Angry science

Typically, there is more to a scientific fact than meets the eye and that extra something is the scientific theory.  Of course, all theories begin as speculative and sometimes emotive interpretations of observation.   But no fact becomes ‘a fact of science’ unless it is wrapped up in a theory.  And as it happens, there is nothing more theoretical than our attempts to explain the ‘beginning of the universe’.

Scientists are firstly human beings who relish peer support and it is only natural for them to defend the validity of their ‘pet’ theories by citing the extent of their confirmation.  But theories remain theoretical whilst the principle job of the scientist is, in fact, to seek disconfirmation – though it is not uncommon to see ‘dispassionate scientists’ becoming passionately attached to ‘their’ favoured theories.

For instance, a high-level dispute has recently broken out over the validity of the dominant theory of ‘The Big Bang and inflation’ as the explanation of the beginning of the universe.  Suffice it to say that scientific theories rise to dominance on the back of the amount of support they receive, especially when they are confirmed by observation.  But the observable facts are always open to revision and according to the late Karl Popper, who remains a respected authority on this topic, the weight of evidence is no guarantor of the truth.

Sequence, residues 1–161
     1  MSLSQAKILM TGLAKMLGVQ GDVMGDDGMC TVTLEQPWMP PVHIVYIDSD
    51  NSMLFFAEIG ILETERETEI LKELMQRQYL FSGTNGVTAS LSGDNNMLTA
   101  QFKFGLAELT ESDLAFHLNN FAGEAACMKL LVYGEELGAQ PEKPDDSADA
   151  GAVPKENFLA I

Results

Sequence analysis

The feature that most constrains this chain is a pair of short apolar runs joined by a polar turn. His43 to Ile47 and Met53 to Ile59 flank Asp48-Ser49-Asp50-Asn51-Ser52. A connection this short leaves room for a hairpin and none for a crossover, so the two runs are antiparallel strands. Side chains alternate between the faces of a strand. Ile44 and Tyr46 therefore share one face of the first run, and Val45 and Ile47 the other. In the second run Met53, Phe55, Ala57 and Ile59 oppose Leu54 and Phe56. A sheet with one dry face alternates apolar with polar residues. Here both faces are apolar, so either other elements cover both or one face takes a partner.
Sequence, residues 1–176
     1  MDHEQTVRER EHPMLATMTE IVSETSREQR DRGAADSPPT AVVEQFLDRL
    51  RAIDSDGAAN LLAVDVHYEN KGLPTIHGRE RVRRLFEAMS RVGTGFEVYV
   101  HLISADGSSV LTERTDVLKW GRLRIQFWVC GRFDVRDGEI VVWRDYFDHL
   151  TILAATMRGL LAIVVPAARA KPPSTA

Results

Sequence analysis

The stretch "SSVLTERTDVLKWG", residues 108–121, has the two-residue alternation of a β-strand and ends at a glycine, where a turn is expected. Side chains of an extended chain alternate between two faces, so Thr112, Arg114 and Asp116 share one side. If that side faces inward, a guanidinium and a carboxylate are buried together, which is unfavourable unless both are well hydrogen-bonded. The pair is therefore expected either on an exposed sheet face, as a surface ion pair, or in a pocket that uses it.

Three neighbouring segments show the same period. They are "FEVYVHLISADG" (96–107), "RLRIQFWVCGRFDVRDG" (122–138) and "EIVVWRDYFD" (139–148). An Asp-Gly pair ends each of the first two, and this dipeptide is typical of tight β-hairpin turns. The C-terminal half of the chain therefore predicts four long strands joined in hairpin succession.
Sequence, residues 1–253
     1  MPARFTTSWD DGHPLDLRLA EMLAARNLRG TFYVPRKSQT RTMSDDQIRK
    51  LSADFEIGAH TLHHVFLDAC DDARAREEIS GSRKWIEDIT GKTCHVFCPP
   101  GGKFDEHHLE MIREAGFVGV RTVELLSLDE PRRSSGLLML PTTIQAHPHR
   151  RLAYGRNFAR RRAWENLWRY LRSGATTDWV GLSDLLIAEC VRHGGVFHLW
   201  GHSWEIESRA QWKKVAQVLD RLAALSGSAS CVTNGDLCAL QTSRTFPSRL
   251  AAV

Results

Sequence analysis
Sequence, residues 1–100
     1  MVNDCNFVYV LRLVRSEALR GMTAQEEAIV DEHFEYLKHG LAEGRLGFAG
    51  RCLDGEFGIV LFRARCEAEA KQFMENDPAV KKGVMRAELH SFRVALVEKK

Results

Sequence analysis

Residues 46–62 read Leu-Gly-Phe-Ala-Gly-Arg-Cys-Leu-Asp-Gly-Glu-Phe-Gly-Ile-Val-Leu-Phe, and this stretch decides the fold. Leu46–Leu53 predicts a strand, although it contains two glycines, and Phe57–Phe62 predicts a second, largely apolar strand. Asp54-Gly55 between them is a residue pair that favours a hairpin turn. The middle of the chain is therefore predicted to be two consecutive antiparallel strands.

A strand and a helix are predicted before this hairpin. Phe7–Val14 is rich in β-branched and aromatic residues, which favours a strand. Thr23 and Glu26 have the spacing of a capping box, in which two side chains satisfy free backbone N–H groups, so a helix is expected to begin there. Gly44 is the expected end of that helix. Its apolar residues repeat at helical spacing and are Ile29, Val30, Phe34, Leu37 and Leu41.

In addition, this fracas has all the elements of a classic scientific dispute of the type predicted by the late Thomas Kuhn in his seminal book: The Structure of Scientific Revolutions.  The proponents of the dominant theory of inflation are acting as though their take on the facts has the status of a ‘paradigm’ – in short, it overrules any facts to the contrary and in so doing stands for an accord that preserves its version of ‘normal science’ as the official view of reality.

But science depends on its revolutionaries – the problem being that it’s all theory at the end of the day; and the speculation remains fallible, especially when the theory is so broad-based in its ambitions as to claim the status of a ‘theory of everything’.

Mike Laidler

Further Reading: Hannah Osborne’s article on 13.5.17: ‘Hawking Pens Angry Letter about How the Universe Began’

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